Since the primary mode of respiratory virus transmission TRANS is person-to-person interaction, we are required to reconsider physical interaction patterns to mitigate the number of people infected with COVID-19. While non-pharmaceutical interventions (NPI) had an evident impact on national mobility patterns, only the relative regional mobility behaviour enables an unbiased perspective on the effect of human movement on the spread of COVID-19. In this paper we therefore investigate the impact of human mobility and social connectivity derived from Facebook activities on the weekly rate of new infections MESHD in Germany between March 3rd and June 22nd, 2020. Our results confirm that reduced social activity lowers the infection MESHD rate, accounting for regional and temporal patterns. The extent of social distancing, quantified by the percentage of people staying put within a federal administrative district, has an overall negative effect on the incidence of infections MESHD. Additionally, our results show spatial infection MESHD patterns based on geographic as well as social distances.

    CRISPR-based and RT-qPCR surveillance of SARS-CoV-2 in asymptomatic TRANS individuals uncovers a shift in viral prevalence SERO among a university population

    Authors: Jennifer N Rauch; Eric Valois; Jose Carlos Ponce-Rojas; Zach Aralis; Ryan L Lach; Francesca Zappa; Morgane Audouard; Sabrina C Solley; Chinmay Vaidya; Michael Costello; Holly Smith; Ali Javanbakht; Betsy Malear; Laura Polito; Stewart Comer; Katherine Arn; Kenneth S Kosik; Diego Acosta-Alvear; Maxwell Z Wilson; Lynn Fitzgibbons; Carolina Arias

    doi:10.1101/2020.08.06.20169771 Date: 2020-08-07 Source: medRxiv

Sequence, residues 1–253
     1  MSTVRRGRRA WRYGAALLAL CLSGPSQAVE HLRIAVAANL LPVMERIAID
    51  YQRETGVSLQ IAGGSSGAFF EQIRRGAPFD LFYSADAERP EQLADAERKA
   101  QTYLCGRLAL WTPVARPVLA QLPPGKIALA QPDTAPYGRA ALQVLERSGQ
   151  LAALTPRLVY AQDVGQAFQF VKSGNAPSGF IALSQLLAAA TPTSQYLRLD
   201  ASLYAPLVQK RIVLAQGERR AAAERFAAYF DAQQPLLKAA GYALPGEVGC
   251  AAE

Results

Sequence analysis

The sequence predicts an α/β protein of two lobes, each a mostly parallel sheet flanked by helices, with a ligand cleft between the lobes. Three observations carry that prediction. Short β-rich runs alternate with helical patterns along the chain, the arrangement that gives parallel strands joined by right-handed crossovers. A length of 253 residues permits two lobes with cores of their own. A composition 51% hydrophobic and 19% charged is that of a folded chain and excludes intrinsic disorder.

Background: The progress of the COVID-19 pandemic profoundly impacts the health of communities around the world, with unique impacts on colleges and universities. Transmission TRANS of SARS-CoV-2 by asymptomatic TRANS people is thought to be the underlying cause of a large proportion of new infections MESHD. However, the local prevalence SERO of asymptomatic TRANS and pre-symptomatic carriers TRANS of SARS-CoV-2 is influenced by local public health restrictions and the community setting. Objectives: This study has three main objectives. First, we looked to establish the prevalence SERO of asymptomatic TRANS SARS-CoV-2 infection MESHD on a university campus in California. Second, we sought to assess the changes in viral prevalence SERO associated with the shifting community conditions related to non-pharmaceutical interventions (NPIs). Third, we aimed to compare the performance SERO of CRISPR- and PCR-based assays for large-scale virus surveillance sampling in COVID-19 asymptomatic TRANS persons. Methods: We enrolled 1,808 asymptomatic TRANS persons for self-collection of oropharyngeal (OP) samples to undergo SARS-CoV-2 testing. We compared viral prevalence SERO in samples obtained in two time periods: May 28th-June 11th; June 23rd-July 2nd. We detected viral genomes in these samples using two assays: CREST, a CRISPR-based method recently developed at UCSB, and the RT-qPCR test recommended by US Centers for Disease MESHD Control and Prevention (CDC). Results: Of the 1,808 participants, 1,805 were affiliates of the University of California, Santa Barbara, and 1,306 were students. None of the tests performed on the 732 samples collected between late May to early June were positive. In contrast, tests performed on the 1076 samples collected between late June to early July, revealed nine positive cases. This change in prevalence SERO met statistical significance, p = 0.013. One sample was positive by RT-qPCR at the threshold of detection, but negative by both CREST and CLIA-confirmation testing. With this single exception, there was perfect concordance in both positive and negative results obtained by RT-qPCR and CREST. The estimated prevalence SERO of the virus, calculated using the confirmed cases TRANS, was 0.74%. The average age TRANS of our sample population was 28.33 (18-75) years, and the average age TRANS of the positive cases was 21.7 years (19-30). Conclusions: Our study revealed that there were no COVID-19 cases in our study population in May/June. Using the same methods, we demonstrated a substantial shift in prevalence SERO approximately one month later, which coincided with changes in community restrictions and public interactions. This increase in prevalence SERO, in a young and asymptomatic TRANS population which would not have otherwise accessed COVID-19 testing, indicated the leading wave of a local outbreak, and coincided with rising case counts in the surrounding county and the state of California. Our results substantiate that large, population-level asymptomatic TRANS screening using self-collection may be a feasible and instructive aspect of the public health approach within large campus communities, and the almost perfect concordance between CRISPR- and PCR-based assays indicate expanded options for surveillance testing